NEWARK – Infinity Healthcare LLC, a Somers Point-based home health agency, has ceased operating and its owner is permanently enjoined from operating any similar business, following a New Jersey Division of Consumer Affairs investigation into its placement of health aides for in-home patient care, Attorney General Jeffrey S. Chiesa announced today .
The investigation that led to Infinity’s closure is part of a larger initiative in which the Division of Consumer Affairs is investigating home health care agencies – those that contract with patients to provide licensed nurses or certified home health aides on a rotating basis to care for individuals in their homes – to determine the companies’ compliance with consumer protection laws.
Jerome Kurmas, Infinity’s president and sole owner, signed a Consent Order with the Division in which he agreed to cease operating the business. The Consent Order follows a March 2012 inspection in which Consumer Affairs investigators interviewed Kurmas and his employees, and reviewed the company’s documents regarding employee activities and patient care.
In its investigation, the Division found that not one of the employees listed in Infinity’s files was certified by the State Board of Nursing to practice as a home health aide. Nevertheless, in violation of State regulation, Infinity regularly placed those uncertified employees in patient’s homes, to provide services that can only be performed by Board of Nursing-certified aides.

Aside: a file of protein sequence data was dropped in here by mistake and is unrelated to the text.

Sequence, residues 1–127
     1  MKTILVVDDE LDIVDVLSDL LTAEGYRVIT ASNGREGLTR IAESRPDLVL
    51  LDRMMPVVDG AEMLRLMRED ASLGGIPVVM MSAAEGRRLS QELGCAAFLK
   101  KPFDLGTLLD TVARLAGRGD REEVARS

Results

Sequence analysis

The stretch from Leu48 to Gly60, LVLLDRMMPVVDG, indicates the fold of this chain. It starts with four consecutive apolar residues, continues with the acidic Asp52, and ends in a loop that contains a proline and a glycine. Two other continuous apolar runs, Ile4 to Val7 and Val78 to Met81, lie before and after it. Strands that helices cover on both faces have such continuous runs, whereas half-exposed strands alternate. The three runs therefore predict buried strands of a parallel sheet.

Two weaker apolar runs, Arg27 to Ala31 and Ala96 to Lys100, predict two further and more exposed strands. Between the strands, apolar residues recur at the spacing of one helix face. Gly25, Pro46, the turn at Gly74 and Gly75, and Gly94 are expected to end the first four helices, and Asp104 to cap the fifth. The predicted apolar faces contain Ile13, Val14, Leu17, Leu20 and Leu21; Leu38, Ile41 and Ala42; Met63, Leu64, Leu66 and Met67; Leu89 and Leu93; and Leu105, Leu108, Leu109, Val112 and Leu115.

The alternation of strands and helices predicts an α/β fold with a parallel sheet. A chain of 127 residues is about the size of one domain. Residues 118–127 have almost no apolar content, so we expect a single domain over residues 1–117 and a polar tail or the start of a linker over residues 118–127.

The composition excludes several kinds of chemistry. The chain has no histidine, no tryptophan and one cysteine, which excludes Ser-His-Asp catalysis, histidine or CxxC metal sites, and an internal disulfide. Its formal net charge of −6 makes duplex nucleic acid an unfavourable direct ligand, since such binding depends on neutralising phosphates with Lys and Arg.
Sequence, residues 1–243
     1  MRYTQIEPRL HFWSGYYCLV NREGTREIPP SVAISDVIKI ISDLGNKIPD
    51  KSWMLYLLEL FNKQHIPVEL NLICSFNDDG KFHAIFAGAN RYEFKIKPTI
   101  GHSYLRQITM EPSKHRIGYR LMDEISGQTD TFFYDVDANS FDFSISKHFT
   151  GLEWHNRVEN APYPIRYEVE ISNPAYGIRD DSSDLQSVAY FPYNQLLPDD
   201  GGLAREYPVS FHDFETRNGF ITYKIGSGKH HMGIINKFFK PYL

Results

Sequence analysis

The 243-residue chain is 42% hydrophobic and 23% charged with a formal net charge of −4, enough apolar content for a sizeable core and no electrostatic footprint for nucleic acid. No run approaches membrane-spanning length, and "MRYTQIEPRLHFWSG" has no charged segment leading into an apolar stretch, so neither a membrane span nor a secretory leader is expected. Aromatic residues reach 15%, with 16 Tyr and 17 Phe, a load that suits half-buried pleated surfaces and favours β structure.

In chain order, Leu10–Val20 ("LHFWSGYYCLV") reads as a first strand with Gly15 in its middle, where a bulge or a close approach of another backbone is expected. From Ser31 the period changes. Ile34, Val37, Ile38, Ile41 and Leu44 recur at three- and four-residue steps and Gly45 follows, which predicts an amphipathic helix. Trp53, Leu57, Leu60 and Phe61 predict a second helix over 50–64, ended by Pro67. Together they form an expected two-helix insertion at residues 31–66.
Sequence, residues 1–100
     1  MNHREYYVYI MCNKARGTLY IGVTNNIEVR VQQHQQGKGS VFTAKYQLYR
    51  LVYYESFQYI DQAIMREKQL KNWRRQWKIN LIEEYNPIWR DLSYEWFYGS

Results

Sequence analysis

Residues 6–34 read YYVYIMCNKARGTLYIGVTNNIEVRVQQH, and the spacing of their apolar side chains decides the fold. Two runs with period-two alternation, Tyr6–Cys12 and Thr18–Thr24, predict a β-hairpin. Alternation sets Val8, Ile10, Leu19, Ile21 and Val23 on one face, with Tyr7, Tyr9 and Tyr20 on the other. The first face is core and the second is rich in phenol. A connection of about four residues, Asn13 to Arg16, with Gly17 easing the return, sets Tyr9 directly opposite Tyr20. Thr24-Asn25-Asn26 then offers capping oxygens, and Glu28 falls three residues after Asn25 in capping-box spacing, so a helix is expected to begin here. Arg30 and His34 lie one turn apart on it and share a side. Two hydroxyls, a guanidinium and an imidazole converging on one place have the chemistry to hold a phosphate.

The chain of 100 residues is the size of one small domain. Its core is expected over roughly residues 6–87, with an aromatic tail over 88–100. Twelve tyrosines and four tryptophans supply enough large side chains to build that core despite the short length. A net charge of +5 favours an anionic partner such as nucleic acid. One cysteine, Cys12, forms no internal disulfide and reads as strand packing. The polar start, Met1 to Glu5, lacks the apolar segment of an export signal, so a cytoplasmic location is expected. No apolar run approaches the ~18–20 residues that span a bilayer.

Additionally, Infinity allegedly violated the regulation by failing to match each client’s specific needs with the qualifications of the aide sent to serve the client. Infinity also allegedly failed to verify the license status of each individual prior to referral or placement, and failed to verify each employee’s license status or work history.
Infinity also allegedly violated the Health Care Firm Regulations by failing to establish a written plan of care for each patient, failing to conduct a 30-day client health care review, and failing to conduct a 60-day on-site in home evaluation. The company further failed to maintain adequate records of employees’ activities or patient care, among other violations.
“Consumers expect home health agencies to responsibly care for vulnerable loved ones who are severely limited in their ability to care for themselves. Certified home health aides may perform everything from in-home medical care to help with bathing, grooming, eating, and walking,” Chiesa said. “Any home health care company that sends uncertified and unqualified employees to patients’ homes, or fails to evaluate the care received by its clients, is committing an unconscionable violation of the public’s trust – and of New Jersey’s laws. I commend the Division of Consumer Affairs for acting to protect the public from substandard care.”
Home health aides must be certified by the State Board of Nursing. Home health agencies that hire them must make sure the employees are duly licensed in good standing, before sending them to provide care in patients’ homes. Failure to do so is a violation of New Jersey’s Health Care Firm Regulations.
“The Division of Consumer Affairs has an important mandate to protect the health and safety of consumers. That responsibility is especially important when it comes to ensuring elderly or disabled individuals receive the quality care they deserve from aides who are supposed to be fully certified and qualified to provide such care,” Eric T. Kanefsky, Acting Director of the New Jersey Division of Consumer Affairs, said. “Any business that puts itself out as a home health agency, but fails to live up to the very specific requirements of our laws and regulations, will be held accountable.”
Kanefsky noted that the Division’s initiative to review the activities of home health agencies is ongoing.
Connect with NJTODAY.NET
Join NJTODAY.NET's free Email List to receive occasional updates delivered right to your email address!